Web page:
NEW YORK — For the last eight years, outgoing New York Times executive editor Bill Keller and incoming executive editor Jill Abramson have had a certain Felix-and-Oscar distinctiveness as they’ve led the paper.
They were just so different. Keller has been fairly removed as a leader and seemed most comfortable behind his desk writing; Abramson has been far more hands-on. At an event at The TimesCenter two years ago, Abramson described Keller as an optimist whereas she was most familiar with the “department of dark worries.” She described Keller as the “soul of intelligence” — read: thoughtful, quiet, maybe even a little introverted — and that she was more of the “chatty Cathy.”
This story first appeared in the June 8, 2011 issue of WWD. Subscribe Today.
By this Labor Day, when Keller officially steps down, Times reporters and editors are fully aware that there will be a new regime on Eighth Avenue. Though Keller and Abramson have worked closely together for years, there will be a far different management style from up top.
“With Jill, it’s more about her,” said one senior editor at the Times, who requested anonymity. “When Bill is in the room, he sits there quietly. He doesn’t inject himself in the conversation, whereas Jill talks about herself or people that she knows. She’s just a much bigger presence in a meeting.”
And it isn’t just in meetings, either.
The source said that Abramson is “a lot more like Howell Raines,” the strong-willed executive editor before Keller who was pushed out of the paper after the Jayson Blair scandal (the irony in that, of course, is that Abramson and Raines famously feuded when he ran the paper and she ran the Washington bureau).
Another Times source said that she has “gut reactions to stories — ‘I love this! I’m bored by that!’” and that’s what will drive coverage. The source said that she isn’t afraid to speak her mind or “be confrontational in public.” Abramson has dressed down editors in front of others before, sources said.
This was not exactly Keller’s style.
“‘He just doesn’t care’” was a phrase heard over and over again from editors in the building — “unless they worked in foreign and perhaps metro,” said a Times source, referring to Keller. “The bored look on his face during many page one meetings was a signal to all in the room that he clearly wished he was elsewhere. Jill cares deeply, for better or worse, and will likely be a very hands-on executive editor.”
Keller, of course, cared deeply about uniting the newsroom after the Blair scandal and keeping the paper afloat over the last three years. But how did he feel about the day-to-day management of the place? Last week, when Keller spoke to the newsroom to announce he was stepping down, he said, “There’s a part of me that wants to say ‘Free at last!’”
It didn’t seem like he was joking.
One of Abramson’s first acts will be to find a successor for Dean Baquet as Washington bureau chief (Baquet will become Abramson’s No. 2 as the managing editor). There are the conventional picks: political editor Dick Stevenson or national editor Rick Berke.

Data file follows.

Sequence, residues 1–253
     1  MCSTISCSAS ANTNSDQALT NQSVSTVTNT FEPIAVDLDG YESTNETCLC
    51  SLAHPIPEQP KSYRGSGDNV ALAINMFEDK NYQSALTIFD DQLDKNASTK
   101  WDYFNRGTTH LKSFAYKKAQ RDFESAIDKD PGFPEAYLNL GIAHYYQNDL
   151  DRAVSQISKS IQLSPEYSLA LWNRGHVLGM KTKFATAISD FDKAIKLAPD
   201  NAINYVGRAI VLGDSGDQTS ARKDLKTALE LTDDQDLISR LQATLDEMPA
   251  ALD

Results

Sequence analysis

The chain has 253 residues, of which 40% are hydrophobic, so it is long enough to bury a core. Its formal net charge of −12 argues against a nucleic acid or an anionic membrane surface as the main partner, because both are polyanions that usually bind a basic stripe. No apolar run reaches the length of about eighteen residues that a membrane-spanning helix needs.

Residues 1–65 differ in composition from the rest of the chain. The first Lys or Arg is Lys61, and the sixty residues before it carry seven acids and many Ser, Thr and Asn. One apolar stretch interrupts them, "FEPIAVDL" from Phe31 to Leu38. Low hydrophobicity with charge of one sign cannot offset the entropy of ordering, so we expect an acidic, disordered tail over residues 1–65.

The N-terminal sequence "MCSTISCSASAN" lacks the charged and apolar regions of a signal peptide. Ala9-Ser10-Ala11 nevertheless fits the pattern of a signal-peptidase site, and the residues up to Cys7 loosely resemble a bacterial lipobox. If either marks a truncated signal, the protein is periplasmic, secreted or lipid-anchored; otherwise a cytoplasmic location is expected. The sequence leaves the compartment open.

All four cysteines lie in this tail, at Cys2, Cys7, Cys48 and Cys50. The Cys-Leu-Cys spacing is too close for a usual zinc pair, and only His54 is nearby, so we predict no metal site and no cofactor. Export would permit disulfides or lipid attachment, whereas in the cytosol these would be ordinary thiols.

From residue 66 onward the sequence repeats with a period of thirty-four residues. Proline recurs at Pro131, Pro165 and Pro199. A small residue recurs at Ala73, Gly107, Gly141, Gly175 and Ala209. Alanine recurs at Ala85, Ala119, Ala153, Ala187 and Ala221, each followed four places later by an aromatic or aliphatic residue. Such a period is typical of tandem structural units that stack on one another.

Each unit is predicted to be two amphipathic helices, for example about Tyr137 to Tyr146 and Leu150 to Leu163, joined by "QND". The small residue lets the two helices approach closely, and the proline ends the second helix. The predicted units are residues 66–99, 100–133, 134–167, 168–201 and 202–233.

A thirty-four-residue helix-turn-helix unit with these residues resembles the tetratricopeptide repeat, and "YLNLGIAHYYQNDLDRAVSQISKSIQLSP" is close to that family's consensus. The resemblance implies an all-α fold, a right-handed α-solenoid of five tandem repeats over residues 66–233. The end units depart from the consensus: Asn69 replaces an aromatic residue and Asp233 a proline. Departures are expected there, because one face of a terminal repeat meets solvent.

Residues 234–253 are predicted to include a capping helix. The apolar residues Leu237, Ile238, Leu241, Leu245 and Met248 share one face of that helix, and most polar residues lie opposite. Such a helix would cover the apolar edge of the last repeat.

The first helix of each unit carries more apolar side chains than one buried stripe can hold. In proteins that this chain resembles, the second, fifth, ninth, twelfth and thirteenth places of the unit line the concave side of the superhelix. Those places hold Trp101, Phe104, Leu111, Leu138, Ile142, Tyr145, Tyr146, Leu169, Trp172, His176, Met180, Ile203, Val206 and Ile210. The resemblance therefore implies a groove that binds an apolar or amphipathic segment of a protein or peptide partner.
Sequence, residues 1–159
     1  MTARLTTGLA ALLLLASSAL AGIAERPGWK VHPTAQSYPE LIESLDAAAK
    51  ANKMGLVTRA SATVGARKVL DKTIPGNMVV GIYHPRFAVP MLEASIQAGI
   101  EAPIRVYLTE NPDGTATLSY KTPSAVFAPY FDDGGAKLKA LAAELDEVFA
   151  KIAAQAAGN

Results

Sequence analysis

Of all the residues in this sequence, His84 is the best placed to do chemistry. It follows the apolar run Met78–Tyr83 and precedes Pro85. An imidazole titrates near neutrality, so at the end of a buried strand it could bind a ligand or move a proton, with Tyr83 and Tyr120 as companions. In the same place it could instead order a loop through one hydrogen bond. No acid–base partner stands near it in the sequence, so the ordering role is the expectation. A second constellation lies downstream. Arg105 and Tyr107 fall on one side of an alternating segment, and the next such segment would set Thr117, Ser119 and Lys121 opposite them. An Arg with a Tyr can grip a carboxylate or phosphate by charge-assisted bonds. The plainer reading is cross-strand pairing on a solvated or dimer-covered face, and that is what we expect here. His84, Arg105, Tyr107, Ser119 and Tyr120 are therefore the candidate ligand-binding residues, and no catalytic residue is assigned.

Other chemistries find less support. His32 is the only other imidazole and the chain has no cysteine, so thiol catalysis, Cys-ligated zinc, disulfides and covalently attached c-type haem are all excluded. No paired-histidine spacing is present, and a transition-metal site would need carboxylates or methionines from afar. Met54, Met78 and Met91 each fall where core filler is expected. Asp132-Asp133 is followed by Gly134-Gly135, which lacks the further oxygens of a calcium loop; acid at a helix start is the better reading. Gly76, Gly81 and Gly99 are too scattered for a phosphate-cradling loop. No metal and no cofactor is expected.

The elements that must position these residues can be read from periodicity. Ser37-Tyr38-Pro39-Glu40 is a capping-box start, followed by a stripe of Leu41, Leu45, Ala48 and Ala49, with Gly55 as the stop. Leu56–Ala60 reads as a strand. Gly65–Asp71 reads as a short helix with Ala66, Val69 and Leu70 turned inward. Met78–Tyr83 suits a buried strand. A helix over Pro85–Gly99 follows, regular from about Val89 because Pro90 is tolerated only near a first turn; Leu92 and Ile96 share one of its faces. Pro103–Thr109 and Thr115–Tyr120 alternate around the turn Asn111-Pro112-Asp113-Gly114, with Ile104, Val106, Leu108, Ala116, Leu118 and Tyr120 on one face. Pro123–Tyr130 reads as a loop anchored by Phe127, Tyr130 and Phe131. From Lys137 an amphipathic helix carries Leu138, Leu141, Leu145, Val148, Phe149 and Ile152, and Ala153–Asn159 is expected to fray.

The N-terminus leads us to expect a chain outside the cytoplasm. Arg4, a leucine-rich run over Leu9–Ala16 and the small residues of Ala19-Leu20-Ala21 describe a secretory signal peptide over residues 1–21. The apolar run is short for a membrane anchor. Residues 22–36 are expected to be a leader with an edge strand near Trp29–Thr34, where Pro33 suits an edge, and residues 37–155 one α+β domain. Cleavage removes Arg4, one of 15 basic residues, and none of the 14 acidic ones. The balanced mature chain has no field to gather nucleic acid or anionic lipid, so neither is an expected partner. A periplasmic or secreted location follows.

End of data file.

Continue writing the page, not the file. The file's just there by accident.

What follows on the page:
But several sources said that there is one intriguing rumor going around the building: That Abramson is considering tapping her best friend at the paper, Maureen Dowd, to run the bureau. The two have known each other since covering the Clarence Thomas Supreme Court hearings and “when we heard the word penis in the very stately Senate caucus room, our eyes locked” and a friendship was born, Abramson said at The TimesCenter two years ago. Dowd does make some sense since she has been writing her column for 16 years — a long time — and she could easily slip into a role not unlike the late R.W. Apple when he ran the bureau. She would be plugged in, she could have an extensive TV role and someone else worry about managing the bureau. Abramson told WWD last week that the decision would come “soonish.”
Last week, after she was named executive editor, Abramson attended a previously scheduled brown bag lunch at the Page One conference room where she spoke about her reading habits. She said she doesn’t read the Washington Post the way she used to; she doesn’t read The Wall Street Journal as much as she used to (just like Keller); she’s a big fan of Junot Diaz and particularly his book “The Brief Wondrous Life of Oscar Wao.”
(In the past, Abramson has also said that the Times’ culture pages were the first thing she turned to in the morning followed by the business page. She has her years of experience of working in Washington, of course, and she is no stranger to a fashion show.)
Finally, after someone asked the question “What are you going to do as editor?” she surprised some and said that she wants continuity and that she doesn’t want to rock the boat.
But even if Abramson has a far more domineering personality than Keller, sources said it is possible there are signs that perhaps she will try to keep her outsize personality in check a bit.
“Jill has always been more tense than Bill and that makes other people tense,” said the senior newsroom source. “She needs to rise above that a bit and have the calmness of a great leader. But she has the job. There’s nothing else to prove. She can relax a little now that she’s in the throne.”